Washington Post media reporter Howard Kurtz noticed on Monday what may be lost as Barack Obama grants piles of interviews to supportive folks like Oprah and Katie Couric: President Obama hasn't held a full-scale news conference since July.
Still, a press corps that periodically complained about George W. Bush's infrequent news conferences should not let Obama walk away from the practice unchallenged. And some of its members have protested. [CBS’s Chip] Reid raised the issue with Gibbs at a briefing last month, and Hearst columnist Helen Thomas said the president has "gone an obscenely long time, not holding one."
Gibbs responded to Reid by saying that the last time the subject came up, "you all, to a person, reminded me of our dramatic overexposure."
That's not to say the White House press conference is a nasty trip down a dark alley, with questions like New York Times reporter Jeff Zeleny's "what enchanted you at 100 days" softball. But Obama's slide in the polls has made him wary of full engagement. Kurtz chided:
But while the administration may view televised news conferences as very 20th century -- Jack Kennedy began the practice in 1961 -- it remains a valuable tradition. It would be ironic if the president who seemed to win over the media while running for office were to wind up stiff-arming those who cover him most closely.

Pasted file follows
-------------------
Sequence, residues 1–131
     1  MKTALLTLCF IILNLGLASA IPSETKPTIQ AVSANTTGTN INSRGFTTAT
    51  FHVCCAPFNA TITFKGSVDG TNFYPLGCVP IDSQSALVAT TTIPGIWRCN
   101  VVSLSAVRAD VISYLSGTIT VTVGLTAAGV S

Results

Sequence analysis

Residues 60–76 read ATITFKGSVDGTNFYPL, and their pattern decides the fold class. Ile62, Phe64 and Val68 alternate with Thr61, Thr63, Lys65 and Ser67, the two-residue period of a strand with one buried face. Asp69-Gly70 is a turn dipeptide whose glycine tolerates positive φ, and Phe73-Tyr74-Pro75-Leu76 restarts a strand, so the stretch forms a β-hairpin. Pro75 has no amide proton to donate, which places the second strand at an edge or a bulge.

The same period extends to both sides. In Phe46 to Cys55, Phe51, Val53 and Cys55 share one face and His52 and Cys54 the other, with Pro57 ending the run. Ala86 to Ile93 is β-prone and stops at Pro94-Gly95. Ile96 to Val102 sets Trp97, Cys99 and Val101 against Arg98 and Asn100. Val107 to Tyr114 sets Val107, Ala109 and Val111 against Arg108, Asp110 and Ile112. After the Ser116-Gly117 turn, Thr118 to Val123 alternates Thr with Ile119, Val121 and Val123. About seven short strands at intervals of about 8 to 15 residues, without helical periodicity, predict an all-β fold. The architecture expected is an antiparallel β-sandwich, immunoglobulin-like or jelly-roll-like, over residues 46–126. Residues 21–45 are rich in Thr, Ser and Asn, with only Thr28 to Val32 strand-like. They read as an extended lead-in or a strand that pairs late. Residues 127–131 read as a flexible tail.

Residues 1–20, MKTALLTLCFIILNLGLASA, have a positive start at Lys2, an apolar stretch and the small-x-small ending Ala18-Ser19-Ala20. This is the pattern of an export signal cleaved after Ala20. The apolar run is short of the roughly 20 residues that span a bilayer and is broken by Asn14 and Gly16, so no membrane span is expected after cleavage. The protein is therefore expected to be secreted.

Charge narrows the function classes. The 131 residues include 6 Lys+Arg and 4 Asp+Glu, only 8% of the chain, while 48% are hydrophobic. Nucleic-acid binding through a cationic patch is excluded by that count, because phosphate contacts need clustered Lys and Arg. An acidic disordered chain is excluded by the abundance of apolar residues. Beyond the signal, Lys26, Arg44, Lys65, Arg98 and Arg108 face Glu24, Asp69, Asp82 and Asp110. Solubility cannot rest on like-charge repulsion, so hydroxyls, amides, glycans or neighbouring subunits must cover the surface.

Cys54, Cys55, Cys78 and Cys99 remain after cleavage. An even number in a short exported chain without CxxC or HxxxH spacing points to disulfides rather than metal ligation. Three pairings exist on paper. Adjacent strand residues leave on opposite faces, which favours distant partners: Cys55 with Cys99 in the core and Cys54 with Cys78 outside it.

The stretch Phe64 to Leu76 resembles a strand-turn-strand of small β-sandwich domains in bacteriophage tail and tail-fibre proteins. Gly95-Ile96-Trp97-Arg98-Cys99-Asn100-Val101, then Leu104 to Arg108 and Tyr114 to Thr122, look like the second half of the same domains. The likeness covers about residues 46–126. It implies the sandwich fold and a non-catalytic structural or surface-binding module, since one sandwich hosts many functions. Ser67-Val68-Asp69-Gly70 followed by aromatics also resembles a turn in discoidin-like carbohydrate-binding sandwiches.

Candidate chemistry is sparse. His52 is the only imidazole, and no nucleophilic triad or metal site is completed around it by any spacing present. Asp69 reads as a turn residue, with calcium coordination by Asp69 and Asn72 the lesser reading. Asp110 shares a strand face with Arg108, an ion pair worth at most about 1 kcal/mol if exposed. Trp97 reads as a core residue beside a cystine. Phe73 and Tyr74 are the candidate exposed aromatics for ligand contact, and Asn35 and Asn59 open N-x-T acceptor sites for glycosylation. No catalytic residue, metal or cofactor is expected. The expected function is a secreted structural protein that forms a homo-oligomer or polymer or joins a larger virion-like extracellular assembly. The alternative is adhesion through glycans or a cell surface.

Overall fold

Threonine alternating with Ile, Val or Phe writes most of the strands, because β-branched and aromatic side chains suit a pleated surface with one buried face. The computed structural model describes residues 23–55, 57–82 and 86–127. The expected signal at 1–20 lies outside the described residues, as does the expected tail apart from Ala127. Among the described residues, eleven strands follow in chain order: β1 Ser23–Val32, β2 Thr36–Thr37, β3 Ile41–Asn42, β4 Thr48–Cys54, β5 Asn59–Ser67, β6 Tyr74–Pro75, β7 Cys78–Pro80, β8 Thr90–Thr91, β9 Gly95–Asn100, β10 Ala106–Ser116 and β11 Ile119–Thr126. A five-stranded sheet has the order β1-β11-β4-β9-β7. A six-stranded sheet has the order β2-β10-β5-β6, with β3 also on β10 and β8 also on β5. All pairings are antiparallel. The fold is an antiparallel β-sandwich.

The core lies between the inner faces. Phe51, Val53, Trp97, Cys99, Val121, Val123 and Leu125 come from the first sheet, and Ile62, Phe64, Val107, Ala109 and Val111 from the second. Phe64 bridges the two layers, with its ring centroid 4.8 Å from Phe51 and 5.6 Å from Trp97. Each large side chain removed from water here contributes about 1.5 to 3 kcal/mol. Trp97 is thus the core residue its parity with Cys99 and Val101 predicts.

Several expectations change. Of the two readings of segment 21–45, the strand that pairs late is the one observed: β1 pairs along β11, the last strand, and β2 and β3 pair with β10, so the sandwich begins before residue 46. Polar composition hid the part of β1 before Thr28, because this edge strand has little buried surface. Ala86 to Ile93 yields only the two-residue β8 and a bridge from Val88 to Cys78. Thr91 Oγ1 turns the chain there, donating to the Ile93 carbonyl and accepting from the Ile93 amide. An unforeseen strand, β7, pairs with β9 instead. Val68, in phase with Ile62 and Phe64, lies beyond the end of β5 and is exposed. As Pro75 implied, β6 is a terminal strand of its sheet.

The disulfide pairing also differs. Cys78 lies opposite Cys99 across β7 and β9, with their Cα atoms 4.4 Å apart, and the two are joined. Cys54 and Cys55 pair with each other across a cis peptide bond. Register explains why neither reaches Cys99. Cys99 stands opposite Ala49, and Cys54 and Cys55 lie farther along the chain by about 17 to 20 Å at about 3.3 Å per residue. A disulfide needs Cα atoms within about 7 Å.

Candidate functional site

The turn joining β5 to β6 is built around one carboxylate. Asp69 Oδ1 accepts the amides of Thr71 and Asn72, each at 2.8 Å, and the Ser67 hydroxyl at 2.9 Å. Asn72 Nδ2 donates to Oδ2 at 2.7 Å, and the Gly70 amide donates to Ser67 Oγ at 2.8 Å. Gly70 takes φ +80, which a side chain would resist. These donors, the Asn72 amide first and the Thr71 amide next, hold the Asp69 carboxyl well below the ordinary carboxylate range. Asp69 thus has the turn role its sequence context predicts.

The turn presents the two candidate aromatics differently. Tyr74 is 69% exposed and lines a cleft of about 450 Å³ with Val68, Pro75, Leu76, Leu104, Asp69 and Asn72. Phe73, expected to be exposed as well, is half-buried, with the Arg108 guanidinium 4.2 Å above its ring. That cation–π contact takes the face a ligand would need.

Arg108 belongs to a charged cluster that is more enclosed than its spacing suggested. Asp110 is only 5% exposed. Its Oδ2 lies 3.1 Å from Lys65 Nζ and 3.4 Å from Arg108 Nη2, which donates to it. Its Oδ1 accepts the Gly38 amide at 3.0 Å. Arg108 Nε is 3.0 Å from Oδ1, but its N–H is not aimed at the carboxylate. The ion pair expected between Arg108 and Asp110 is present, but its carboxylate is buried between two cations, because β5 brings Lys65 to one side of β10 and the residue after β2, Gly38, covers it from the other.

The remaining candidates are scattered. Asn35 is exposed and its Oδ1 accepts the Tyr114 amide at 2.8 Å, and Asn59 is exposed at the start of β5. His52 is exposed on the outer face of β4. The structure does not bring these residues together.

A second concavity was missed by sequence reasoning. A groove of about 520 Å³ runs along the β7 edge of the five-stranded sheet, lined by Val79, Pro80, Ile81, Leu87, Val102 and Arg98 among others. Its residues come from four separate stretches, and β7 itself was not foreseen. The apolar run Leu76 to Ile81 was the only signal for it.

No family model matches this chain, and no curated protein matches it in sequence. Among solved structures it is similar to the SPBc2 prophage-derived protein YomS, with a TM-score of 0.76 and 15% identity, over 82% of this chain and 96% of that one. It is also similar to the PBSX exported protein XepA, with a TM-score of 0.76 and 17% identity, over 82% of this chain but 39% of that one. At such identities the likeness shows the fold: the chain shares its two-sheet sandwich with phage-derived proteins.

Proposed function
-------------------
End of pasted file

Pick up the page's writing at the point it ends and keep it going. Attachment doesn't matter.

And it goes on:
Kurtz found several network reporters were eager for another round (although their bosses might not want another one in prime time, especially during February sweeps):
"It's a source of great frustration here," says Chip Reid, CBS's White House correspondent. "It's important for us to hold the president's feet to the fire."
NBC White House reporter Chuck Todd calls the situation a "shame," saying the administration is trying to control the message rather than allowing Obama to be seen "unscripted."
The White House folks may be worried that Obama "unscripted" can often sound bumbling and incoherent, which doesn't match their carefully manufactured Calm Intellectual media image.